Just Say Know: The Films of Tao Ruspoli Vol. 1
Produced by Tao Ruspoli & LAFCO (LA Filmmakers Cooperative)
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Just Say Know: The Films of Tao Ruspoli Vol. 1

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Just Say Know: The Films of Tao Ruspoli Vol. 1

Winner, The Other Venice Film Festival 2005

Just Say Know: This profoundly personal artistic achievement follows filmmaker Tao Ruspoli's family as they explore their individual relationships to heroin and opium addiction.

Shot on two continents, this film brilliantly weaves together three generations of use, addiction, and recovery with a poetic sense of affirmation and joy and none of the self-pity so typical of this genre.

"I feel I am on solid ground with an artist who is willing to take chances, to reveal what it is like to be alive on planet earth, struggling; and an artist who has used this personal stuff to create an object which is moving, enlightening, and more human than any film I've seen in ages...Congratulations, Tao, "Just Say know" is a truly fine film (I love it, I cried, it made my own day brighter.)"
-Paul Williams

Includes 5 other short films by the director, including:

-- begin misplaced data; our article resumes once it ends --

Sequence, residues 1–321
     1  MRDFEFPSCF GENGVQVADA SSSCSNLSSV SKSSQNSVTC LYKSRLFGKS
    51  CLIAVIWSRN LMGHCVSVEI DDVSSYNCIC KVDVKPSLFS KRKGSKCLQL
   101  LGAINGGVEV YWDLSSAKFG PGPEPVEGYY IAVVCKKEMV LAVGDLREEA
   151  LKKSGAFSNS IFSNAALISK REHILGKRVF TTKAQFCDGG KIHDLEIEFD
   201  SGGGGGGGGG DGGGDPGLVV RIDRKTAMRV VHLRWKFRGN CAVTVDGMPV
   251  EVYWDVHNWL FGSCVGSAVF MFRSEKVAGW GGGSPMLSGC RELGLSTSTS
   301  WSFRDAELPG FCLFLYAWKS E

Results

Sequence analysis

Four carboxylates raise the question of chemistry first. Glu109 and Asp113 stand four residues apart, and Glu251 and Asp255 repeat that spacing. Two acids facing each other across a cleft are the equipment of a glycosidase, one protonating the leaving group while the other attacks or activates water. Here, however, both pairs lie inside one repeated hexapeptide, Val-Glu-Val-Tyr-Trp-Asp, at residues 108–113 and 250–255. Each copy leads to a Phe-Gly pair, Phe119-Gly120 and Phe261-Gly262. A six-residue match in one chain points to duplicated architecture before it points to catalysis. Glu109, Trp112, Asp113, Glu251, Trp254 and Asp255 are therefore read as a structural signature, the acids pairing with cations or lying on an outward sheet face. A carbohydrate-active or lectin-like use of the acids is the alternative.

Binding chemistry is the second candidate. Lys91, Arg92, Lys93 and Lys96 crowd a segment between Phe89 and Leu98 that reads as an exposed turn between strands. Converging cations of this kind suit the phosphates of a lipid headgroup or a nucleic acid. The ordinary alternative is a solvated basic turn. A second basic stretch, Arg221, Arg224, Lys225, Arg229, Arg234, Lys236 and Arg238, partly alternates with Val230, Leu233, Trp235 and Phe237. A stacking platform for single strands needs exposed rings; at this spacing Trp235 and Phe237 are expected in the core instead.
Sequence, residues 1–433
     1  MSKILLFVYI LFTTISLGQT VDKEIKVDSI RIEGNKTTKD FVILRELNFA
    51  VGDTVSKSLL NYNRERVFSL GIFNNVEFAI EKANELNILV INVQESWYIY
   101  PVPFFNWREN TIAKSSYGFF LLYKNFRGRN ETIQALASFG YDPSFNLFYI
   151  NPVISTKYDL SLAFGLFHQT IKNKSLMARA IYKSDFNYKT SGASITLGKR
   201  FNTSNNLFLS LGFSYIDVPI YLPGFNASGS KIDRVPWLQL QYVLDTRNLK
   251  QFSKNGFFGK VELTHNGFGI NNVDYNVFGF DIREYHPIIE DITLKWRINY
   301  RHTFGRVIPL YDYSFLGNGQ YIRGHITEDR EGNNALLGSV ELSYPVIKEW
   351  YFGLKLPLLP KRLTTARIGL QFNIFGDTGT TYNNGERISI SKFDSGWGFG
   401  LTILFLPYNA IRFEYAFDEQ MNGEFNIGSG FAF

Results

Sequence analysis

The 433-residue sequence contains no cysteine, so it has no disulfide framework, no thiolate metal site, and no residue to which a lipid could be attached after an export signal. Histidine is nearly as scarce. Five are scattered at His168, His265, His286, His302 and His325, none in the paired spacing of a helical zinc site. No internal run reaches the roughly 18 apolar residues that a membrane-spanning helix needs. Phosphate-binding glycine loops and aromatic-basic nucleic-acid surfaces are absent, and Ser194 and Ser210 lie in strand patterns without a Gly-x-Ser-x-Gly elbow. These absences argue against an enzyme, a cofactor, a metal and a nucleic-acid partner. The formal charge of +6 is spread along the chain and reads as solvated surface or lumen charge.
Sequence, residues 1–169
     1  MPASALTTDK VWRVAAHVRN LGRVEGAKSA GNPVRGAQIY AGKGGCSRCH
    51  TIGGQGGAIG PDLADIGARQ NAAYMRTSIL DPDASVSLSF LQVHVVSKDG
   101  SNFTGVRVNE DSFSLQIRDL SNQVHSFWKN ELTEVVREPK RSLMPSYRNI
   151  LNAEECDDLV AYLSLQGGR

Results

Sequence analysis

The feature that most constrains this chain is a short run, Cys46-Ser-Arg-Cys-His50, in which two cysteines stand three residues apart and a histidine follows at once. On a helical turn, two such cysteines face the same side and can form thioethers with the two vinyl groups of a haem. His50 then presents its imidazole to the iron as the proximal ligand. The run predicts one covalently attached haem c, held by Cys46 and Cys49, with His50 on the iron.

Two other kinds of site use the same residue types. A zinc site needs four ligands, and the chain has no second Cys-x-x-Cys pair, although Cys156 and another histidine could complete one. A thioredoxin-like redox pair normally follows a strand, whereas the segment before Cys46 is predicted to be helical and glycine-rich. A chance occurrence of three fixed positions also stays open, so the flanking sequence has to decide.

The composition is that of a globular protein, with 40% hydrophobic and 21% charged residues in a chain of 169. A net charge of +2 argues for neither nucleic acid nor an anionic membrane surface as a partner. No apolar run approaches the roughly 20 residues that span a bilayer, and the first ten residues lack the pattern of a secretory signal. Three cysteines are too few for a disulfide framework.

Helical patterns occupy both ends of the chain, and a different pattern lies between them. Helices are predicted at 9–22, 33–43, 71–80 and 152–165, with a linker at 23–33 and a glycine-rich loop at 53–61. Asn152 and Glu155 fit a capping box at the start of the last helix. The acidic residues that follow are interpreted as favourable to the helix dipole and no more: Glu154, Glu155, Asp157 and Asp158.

Dado Ruspoli: A Portrait-Tao's first film, a 22 minute black and white super 8mm film about his father, Prince Dado Ruspoli

LAFCO 1: The first film about the LAFCO )film bus

Enlightenment: Based on a poem by Dado Ruspoli.

"Between Me and You God,
The Television Set
And then one day,
That fucking screen went blank,
and I was enlightened"

Burning Man Slide Show

Apple Spec commercial

"Just Say Know from other drug documentaries is the candid nature with which the subjects discuss drugs, their addictions, and themselves... For a refreshingly honest and original look at the effects of drugs on real people, this is a real standout short." - FilmCritic.com

"Just Say Know" is beautiful and in many ways profound, and full of life. Filmed in California and Rome and southern Spain, the film, through candid family interviews, chronicles filmmaker Tao Ruspoli's family's longtime submission to heroin and opium. Ruspoli interviews his father, Prince Dado Ruspoli, mother Debra Berger, and younger brother Bartolomeo about their addiction and recovery. It's a short film and powerful in its poetry and frankness. Ruspoli's interviewing is skilled in its subtlety and sincerity - he asked difficult questions but with a heart. The camera work was dynamic, interesting and diverse without being disjointed. There's substance here and poetry - Ruspoli's father quotes a bit about Cocteau that blew me away - "I saved the man but killed the poet" - and Ruspoli never strays from the thematic thread. Dado Ruspoli - what a character. I was glad to have met a bit of the legend. And Ruspoli's mother - an artist who offered another insightful facet to the addiction that the Ruspoli family knew so intimately for so long. The perspectives are interwoven seamlessly, and with obvious tender care. What Ruspoli chose to leave out is almost as intriguing as what he included.

Dado Ruspoli, Debra Berger, Bartolomeo Ruspoli

Most Excellent Short: The Other Venice Film Festival

Title #205800
Format: DVD-R